If there was a city wide time machine, we probably would be better off all going out and buying Todd Philcox jerseys than hating Belichick. The same is true with Eric Mangini, with hack beat reporters questioning everything he does. Case and point, the week 16 onside kick attempt against the Ravens. The odds were 60-40 in the Browns favor, while losing the game, to a favored divisional opponent, with absolutely no future implications for the Browns, yet the “preach to the choir” reporters, like Tony Grossi, questioned it with every chance they got. That was utterly disgraceful.
In the end, however, it is not even really a question of the journalists incompetence, it is a reflection on the fans. We accept, and often embrace, ineptitude in the journalism and broadcasting professions. The fact of the matter is, they are not in their jobs because they know the game of football, they are there because they have a degree that states they know a given industry, that is it. The HR departments at the Plain Dealer or STO, even more legitimate enterprises, would not know where to begin with questions of ‘football strategy’ or anything of the like. Further, it comes down to lowly bloggers, and a few more credible sources, to put the pieces together: beyond what happened, but why they happened.
When all is said and done, the Plain Dealer, and sources of the like, have connections. They are vital for telling readers who practiced, what NFL policy a player violated, and who is expected to play, but their opinions are not worth the newsprint they are printed on. Therefore, it is up to the fans, the real fans to sift though the drivel, and find those worth listening to. I, for one, would put my knowledge of the game, not useless bygone stats, but strategy of the game, moderated by coaches and GMs, against any journalist.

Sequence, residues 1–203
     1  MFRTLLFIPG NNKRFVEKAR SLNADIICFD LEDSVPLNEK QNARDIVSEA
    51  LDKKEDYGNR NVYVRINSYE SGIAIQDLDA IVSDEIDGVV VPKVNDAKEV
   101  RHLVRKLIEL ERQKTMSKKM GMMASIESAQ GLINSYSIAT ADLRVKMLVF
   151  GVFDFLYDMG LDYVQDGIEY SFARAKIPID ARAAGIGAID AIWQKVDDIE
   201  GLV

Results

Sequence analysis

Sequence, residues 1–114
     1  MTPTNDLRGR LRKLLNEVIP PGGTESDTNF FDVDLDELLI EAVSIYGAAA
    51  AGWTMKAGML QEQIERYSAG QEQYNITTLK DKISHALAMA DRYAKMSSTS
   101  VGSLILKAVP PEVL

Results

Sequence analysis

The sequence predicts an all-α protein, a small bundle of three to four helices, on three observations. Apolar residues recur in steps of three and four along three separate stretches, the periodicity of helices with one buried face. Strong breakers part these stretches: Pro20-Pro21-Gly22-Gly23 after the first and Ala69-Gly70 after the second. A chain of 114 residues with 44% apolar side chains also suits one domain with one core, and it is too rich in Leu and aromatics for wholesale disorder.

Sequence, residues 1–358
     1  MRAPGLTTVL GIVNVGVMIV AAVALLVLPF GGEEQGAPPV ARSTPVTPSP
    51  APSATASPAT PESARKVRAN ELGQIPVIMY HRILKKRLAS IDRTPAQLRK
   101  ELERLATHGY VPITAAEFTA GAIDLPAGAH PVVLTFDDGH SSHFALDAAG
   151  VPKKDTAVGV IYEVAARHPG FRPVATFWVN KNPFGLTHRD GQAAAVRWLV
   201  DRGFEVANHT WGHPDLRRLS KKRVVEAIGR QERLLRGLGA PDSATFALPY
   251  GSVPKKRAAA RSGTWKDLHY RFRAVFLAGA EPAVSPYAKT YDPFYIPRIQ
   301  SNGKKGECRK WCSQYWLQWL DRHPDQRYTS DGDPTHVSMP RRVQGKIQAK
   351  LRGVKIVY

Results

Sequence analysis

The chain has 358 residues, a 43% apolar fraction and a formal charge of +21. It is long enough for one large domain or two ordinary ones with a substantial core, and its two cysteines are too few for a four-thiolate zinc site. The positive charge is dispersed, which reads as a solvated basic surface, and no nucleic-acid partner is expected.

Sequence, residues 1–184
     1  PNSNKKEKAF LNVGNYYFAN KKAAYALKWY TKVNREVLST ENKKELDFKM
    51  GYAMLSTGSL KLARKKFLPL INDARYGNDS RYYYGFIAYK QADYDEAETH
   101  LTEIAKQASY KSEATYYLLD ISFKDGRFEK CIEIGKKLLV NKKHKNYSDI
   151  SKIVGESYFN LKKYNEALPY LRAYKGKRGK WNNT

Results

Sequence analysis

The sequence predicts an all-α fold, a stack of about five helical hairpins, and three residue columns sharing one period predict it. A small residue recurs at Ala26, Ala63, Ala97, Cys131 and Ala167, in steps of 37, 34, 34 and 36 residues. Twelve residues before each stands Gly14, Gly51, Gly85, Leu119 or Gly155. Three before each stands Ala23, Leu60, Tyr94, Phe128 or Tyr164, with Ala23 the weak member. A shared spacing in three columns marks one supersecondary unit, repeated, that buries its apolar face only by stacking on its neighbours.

Moreover on the subject of the written word on football, enjoy the lowly blogger that you stumble across. That hapless guy that writes, not for a paycheck, but because he love his favorite team. He may not have the degree that that those HR departments are looking for, but at least he knows what he is talking about. He may not say what you want to hear, but he makes coherent sense, even if it is wordy and markedly unpolished. At the bare minimum, at least there is no doubt if he is patronizingly telling you what you want to hear. For me, this is not a career, though I hold on to a glimmer of hope, this is just an outlet on a game that I enjoy.
January 5, 2011 § Leave a comment
Eric Wright is an odd ambiguity. On the one hand he has been a marked disappointment for the Cleveland Browns and fans, but through that he can provide a more metaphysical service. One would be hard pressed to find a more pointed example of what is wrong with athletes as role models for children. Athletes in general are subject to what I call a fragile ego, the dangerous combination of inflated sense of self-importance and being overly sensitive and highly emotional. The combination of the Browns season ending and being a father-to-be just got me thinking.
Wright entered this 2010 season with high expectations from all around him. From starting since his rookie season to entering his fourth year, typically the great cornerbacks establish themselves fully in year four. Moreover, the hype was warranted as he had flashed the ability to shut down some of the best receivers in the game. Really, all that was expected was to shore up a few aspects of his game and show consistency, but that never came to pass.
In all fairness, some of the major gripes have to fall on the defensive play calling, and that is why we have not seen Cover 0 (no safety help) for the last several games. All things considered, however, it is not a question of Wright’s talent, rather of his will. There are only a few receivers in the game who pose a talent mismatch against him, but many who will out fight him and just beat him because they want it more.
The problem for Eric Wright is not getting burned occasionally or even the horrible tackling, it is his callowness.That immaturity and fragility of ego that does not seem all that uncommon among professional athletes. In fact, it can be attributed to most of the negative actions by any athlete in any sport, on the field of play and in their personal lives.